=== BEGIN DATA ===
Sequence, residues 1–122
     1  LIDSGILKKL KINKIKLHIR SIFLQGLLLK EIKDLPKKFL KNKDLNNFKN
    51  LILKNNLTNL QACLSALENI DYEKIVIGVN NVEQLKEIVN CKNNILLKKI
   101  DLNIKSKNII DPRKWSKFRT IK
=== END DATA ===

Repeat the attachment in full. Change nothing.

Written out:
Sequence, residues 1–122
     1  LIDSGILKKL KINKIKLHIR SIFLQGLLLK EIKDLPKKFL KNKDLNNFKN
    51  LILKNNLTNL QACLSALENI DYEKIVIGVN NVEQLKEIVN CKNNILLKKI
   101  DLNIKSKNII DPRKWSKFRT IK